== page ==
As climate change continues to be a threat to freshwater ecosystems, professors at Trent University are sharing solutions with the community to help them understand and reduce the impact of human behaviour.
At Trent University’s annual David Schindler lecture on March 12, Trent Biology professor Dr. Paul Frost announced the Trent Aquatic Research Program (TARP), which aims to train the next generation of aquatic scientists, while also educating the community. TARP will focus on aquatic systems in the Kawarthas and Haliburton.
Professor Frost has examined the cause and consequences of the decline of calcium in lakes across Ontario. At the event, he highlighted that the recovery from acid rain altered the delivery of calcium to lakes, which is negatively affecting the food webs.
To tackle this problem, Dr. Frost is encouraging long-term monitoring to identify lakes at risk, and says TARP will be a proactive approach for anticipating problems.
“This allows us to manage the systems better, and hopefully reduce harm and lead to a solution. We need to invest in science,” says Prof. Frost, who is holding his third term as the David Schindler Endowed Professorship.
Providing answers for a concerned audience
Patty Macdonald, a Bridgenorth resident, says she was inspired to attend the Schindler lecture to learn more about freshwater ecosystems because she worries about starry stonewort, an aggressive type of macro-algae growing in Stoney Lake. Ms. Macdonald says she is hopeful that TARP will make a meaningful difference.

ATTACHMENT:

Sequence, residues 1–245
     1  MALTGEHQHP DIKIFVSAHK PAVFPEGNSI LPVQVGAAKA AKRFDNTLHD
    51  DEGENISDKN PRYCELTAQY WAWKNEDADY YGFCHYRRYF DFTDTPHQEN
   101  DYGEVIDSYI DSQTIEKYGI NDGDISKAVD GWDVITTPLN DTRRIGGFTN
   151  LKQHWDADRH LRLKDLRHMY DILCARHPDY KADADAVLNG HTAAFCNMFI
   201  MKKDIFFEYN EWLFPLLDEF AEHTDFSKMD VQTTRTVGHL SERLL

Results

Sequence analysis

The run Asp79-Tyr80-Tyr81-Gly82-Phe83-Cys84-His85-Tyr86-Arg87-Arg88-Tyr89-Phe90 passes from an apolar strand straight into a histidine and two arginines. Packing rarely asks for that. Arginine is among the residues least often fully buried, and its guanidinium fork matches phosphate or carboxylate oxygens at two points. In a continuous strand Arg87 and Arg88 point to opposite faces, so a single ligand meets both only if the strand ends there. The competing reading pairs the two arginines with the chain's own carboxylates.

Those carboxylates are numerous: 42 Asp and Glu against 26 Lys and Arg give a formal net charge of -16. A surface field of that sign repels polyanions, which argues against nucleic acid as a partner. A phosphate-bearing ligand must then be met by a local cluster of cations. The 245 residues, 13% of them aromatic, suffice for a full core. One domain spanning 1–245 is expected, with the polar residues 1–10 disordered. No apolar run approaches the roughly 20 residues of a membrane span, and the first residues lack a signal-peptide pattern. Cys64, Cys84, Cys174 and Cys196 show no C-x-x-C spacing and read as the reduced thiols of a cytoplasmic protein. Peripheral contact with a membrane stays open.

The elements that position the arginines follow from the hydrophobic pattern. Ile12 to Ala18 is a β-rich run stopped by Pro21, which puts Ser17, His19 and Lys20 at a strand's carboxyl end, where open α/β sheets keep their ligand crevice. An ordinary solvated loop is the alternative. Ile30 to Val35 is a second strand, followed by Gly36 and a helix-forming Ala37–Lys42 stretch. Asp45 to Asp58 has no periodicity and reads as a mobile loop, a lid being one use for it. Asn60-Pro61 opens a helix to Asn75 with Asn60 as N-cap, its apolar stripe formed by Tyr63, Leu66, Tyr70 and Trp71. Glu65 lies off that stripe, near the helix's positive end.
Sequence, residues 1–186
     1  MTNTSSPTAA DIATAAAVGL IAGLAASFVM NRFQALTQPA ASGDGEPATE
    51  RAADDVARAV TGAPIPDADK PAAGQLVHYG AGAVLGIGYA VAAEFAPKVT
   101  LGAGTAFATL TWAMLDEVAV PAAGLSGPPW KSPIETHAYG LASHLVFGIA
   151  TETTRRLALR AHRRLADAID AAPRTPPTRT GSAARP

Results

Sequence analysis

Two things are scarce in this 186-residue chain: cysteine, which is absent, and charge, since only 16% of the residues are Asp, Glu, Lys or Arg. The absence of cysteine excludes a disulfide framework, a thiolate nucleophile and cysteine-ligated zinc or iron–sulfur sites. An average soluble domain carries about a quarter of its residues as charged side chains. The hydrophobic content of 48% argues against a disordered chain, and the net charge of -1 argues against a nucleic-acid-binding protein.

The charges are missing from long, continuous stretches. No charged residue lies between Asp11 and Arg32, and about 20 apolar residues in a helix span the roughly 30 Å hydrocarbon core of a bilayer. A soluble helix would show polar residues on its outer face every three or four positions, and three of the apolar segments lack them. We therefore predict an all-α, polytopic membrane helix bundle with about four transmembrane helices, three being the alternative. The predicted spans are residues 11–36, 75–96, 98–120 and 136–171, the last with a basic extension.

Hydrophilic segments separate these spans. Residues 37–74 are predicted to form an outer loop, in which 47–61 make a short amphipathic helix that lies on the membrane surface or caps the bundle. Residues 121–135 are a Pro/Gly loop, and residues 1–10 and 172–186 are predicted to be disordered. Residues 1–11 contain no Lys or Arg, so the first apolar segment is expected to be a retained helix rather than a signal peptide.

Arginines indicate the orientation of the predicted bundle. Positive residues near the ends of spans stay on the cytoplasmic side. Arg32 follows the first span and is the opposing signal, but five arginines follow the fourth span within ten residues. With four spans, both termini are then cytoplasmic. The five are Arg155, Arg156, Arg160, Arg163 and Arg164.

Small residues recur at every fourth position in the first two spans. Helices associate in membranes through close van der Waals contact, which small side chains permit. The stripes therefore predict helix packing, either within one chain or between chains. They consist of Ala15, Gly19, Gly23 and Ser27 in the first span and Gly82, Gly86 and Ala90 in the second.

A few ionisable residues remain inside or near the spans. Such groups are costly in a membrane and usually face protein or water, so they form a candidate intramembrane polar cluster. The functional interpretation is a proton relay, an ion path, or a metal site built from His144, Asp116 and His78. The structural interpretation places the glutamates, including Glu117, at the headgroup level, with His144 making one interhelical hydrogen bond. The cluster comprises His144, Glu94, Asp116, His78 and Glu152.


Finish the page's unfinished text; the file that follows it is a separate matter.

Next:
“The window of opportunity for change are getting smaller and smaller,” says Ms. Macdonald. “Changes to biodiversity, fish populations, it’s all connected. We cannot afford to waste another summer trying to figure this out.”
Two other Biology professors at Trent also spoke about some other existing concerns for freshwater ecosystems and guidance for the future.
Dr. Maggie A. Xenopoulos spoke about the impacts of population growth on aquatic systems. According to Professor Xenopoulos, population growth around Lake Simcoe has caused an increase in invasive species, such as zebra mussels, which threaten the aquatic food web.
Dr. Graham Raby spoke about his research regarding fish ecology in the Great Lakes, which shows that various species of fish will react differently to the changing water temperatures. Professor Raby says climate change is a bigger threat to freshwater ecosystems than marine and terrestrial systems.
TARP is funded through The Trent Aquatic Research Program Endowment. Trent University is thankful to Ralph and Carol Ingleton who have been the driving force behind establishing the TARP endowment fund. For more information on how to support TARP please visit trentu.ca/TARP or contact Emily Vassiliadis ’94, Senior Development Officer, Sciences at 705-748-1011 ext. 7031 or email@example.com.
The David Schindler lecture is an annual event, named after former Trent biology professor. As a limnologist, Schindler studied the human effects on freshwater ecosystems. The David Schindler Endowed Professorship in Aquatic Science was Trent’s first endowed professorship, established in 2008. Dr. Paul Frost is receiving this honour for his third consecutive term.